Clojure Discussion - When Performance Matters
Tuesday, January 13, 2009
There has been an interesting thread on the Clojure mailing list about Clojure and performance. Mark P started off the thread with the following:
"I have recently found out about Clojure and am rather impressed. I am seriously considering whether Clojure is a viable language for use at work. The main stumbling block would be if performance (both speed and memory) turns out to be insufficent. I currently use C++, but I'd love to be able to leave C++ behind and use Clojure (or similar) instead.Among the replies, there were several suggestions to use better/alternative C/C++ interoperability mechanisms since a common consensus (frequently based on benchmarks like this debian one: http://shootout.alioth.debian.org/) was that a JVM-based language could not equal the speed of C/C++. However, some comments by concurrency and JVM guru Cliff Click provided an interesting contrarian view (Note: links inserted by me):
The programs I write perform applied mathematical optimization (using mainly integer arithmetic) and often take hours (occasionally even days) to run. So even small percentage improvements in execution speed can make a significant practical difference. And large problems can use a large amount of memory - so memory efficiency is also a concern.
Given these performance considerations, at first glance Clojure does not seem like a good choice. But I don't want to give up on the idea just yet. The allure of modernized lisp-style programming is really tempting.
There are three key factors that still give me hope:
If all else fails, maybe I could use Clojure as a prototyping language. Then when I get it right, I code up the actual programs in C++. But probably a lot would get lost in the translation from Clojure -> C++ so would it be worth it?
- Some of the algorithms I use have the potential to be parallelized. I am hoping that as the number of cores in PCs increase, at some point Clojure's performance will beat C++'s due to Clojure's superior utilization of multiple cores. (Any ideas on how many cores are needed for this to become true?)
- The JVM is continually being improved. Hopefully in a year or two, the performance of HotSpot will be closer to that of C++. (But maybe this is just wishful thinking.)
- Maybe I can implement certain performance critical components in C++ via the JNI. (But I get the impression that JNI itself isn't particularly efficient. Also, the more I pull over into the C++ side, the fewer advantages to using Clojure.)
I'd love to be convinced that Clojure is a viable choice, but I need to be a realist too. So what do people think? How realistic are my three 'hopes'? And are there any other performance enhancing possibilities that I have not taken into account? "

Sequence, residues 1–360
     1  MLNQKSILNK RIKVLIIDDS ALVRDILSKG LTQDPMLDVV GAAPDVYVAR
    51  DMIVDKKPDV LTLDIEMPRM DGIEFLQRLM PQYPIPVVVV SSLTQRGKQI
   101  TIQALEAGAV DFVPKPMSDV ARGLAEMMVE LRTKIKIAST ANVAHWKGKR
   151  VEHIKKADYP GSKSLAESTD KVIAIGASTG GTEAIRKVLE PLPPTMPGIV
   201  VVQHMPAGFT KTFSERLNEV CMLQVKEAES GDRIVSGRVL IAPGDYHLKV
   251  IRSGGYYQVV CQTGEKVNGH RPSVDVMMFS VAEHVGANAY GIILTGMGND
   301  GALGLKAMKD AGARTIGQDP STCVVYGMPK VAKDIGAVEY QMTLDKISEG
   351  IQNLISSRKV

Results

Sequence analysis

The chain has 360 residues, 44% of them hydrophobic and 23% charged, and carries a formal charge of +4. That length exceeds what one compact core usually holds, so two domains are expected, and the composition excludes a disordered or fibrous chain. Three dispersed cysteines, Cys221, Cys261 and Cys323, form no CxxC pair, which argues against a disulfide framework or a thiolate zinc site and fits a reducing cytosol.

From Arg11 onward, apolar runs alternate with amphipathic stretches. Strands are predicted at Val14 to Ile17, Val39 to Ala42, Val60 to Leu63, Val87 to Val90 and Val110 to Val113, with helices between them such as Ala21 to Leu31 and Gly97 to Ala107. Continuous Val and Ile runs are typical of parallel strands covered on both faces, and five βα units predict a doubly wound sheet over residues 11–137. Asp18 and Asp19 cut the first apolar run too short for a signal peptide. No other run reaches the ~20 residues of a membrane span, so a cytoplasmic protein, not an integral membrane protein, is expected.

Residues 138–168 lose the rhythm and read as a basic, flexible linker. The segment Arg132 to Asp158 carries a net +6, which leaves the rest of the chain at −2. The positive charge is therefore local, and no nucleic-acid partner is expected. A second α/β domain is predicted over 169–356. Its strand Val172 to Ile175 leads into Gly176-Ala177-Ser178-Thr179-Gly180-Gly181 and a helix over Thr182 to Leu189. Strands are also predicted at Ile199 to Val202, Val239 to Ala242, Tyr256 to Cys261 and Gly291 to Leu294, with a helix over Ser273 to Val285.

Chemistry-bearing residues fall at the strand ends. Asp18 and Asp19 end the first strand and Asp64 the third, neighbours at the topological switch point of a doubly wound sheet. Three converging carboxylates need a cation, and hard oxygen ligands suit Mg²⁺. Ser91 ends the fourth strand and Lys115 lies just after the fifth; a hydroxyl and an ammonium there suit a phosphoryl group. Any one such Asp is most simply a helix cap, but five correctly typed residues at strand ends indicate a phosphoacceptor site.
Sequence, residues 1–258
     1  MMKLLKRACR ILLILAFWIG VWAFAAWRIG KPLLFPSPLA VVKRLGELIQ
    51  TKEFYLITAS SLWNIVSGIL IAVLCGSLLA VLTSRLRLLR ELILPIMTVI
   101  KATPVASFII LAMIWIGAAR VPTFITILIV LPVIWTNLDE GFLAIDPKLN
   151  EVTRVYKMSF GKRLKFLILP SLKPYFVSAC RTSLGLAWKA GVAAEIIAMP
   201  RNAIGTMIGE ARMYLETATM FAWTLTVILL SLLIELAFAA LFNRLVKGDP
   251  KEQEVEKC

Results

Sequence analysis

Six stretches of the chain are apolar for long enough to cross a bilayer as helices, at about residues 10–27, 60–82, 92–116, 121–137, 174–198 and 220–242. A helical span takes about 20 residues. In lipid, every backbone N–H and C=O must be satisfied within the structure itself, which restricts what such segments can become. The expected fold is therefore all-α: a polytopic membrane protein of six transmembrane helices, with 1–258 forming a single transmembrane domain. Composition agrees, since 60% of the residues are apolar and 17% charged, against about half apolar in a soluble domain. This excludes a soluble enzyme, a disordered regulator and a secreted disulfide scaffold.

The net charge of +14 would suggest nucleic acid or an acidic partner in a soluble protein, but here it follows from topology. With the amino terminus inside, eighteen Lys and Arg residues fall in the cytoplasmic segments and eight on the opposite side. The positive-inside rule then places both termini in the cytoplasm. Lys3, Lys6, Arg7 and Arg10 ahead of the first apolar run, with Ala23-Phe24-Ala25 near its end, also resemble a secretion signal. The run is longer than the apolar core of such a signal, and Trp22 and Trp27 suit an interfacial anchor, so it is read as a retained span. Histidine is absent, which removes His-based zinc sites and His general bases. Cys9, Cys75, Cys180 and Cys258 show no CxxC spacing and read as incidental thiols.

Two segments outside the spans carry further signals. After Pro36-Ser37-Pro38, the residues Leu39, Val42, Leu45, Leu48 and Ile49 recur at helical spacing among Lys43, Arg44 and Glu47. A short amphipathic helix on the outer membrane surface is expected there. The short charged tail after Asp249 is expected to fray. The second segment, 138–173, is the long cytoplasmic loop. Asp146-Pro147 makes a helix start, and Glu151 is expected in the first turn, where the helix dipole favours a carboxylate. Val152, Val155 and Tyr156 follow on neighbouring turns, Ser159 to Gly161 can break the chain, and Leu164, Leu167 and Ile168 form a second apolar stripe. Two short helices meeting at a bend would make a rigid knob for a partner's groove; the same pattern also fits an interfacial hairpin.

"Some comments:In the past, I've written (tongue-in-cheek) about how it's fairly easy to prove what you want to prove with benchmarks. I think Cliff's comments are right "on the money" as far as JVM performance is concerned. Clojure provides a number of ways to optimize code for performance (e.g. - with type hints, support for Java primitives, and coercions) while JVM-specific technologies provide many other optimization alternatives that a Clojure programmer can leverage when needed.
- If you think that HotSpot/Java is slower than C++ by any interesting amount, I'd love to see the test case. Being the architect of HotSpot '-server' I've a keen interest in where performance isn't on par with C. Except for a handful of specialized uses (e.g. high-level interpreters using gnu label vars), I've only ever seen equivalent code between C/C++ & Java (not so w/asm+C where the asm calls out specialized ops or makes specialized optimizations).
- As already mentioned, there's no auto-parallelization tools Out There that are ready for prime-time. (there ARE tools out there that can *help* parallelize an algorithm but you need annotations, etc to make them work)
- Making your algorithm parallel is worth an N-times speedup, where N is limited by the algorithm & available CPUs. Since you can get huge CPU counts these days, if you can parallelize your algorithm you'll surely win over almost any other hacking. If you take a 50% slowdown in the hacking but get to run well on a 4-way box, then your 2x ahead. I'd love to say that the JVM 'will just do it', but hand- hacking for parallelism is the current state-of-the-art.
- Java/Clojure makes some of this much easier than in C/C++. Having a memory model is a HUGE help in writing parallel code, as is the Java concurrency libs, or the above-mentioned Colt libraries.
- The debian shootout results generally badly mis-represent Java. Most of them have runtimes that are too small (<10sec) to show off the JIT, and generally don't use any of the features which commonly appear in large Java programs (heavy use of virtuals, deep class hierarchies, etc) for which the JIT does a lot of optimization. I give a public talk on the dangers of microbenchmarks and all the harnesses I've looked at in the shootout fail basic sanity checks. Example: the fannkuch benchmark runs 5 secs in Java, somewhat faster in C++. Why does anybody care about a program which runs 5sec? (there's other worse problems: e.g. the C++ code gets explicit constant array sizes hand-optimized via templates; the equivalent Java optimization isn't done but is trivial (declare 'n' as a *final* static var) and doing so greatly speeds up Java, etc).
- If you need a zillion integer (not FP) parallel Java cycles, look at an Azul box. Azul's got more integer cycles in a flat shared-memory config than anybody else by a long shot."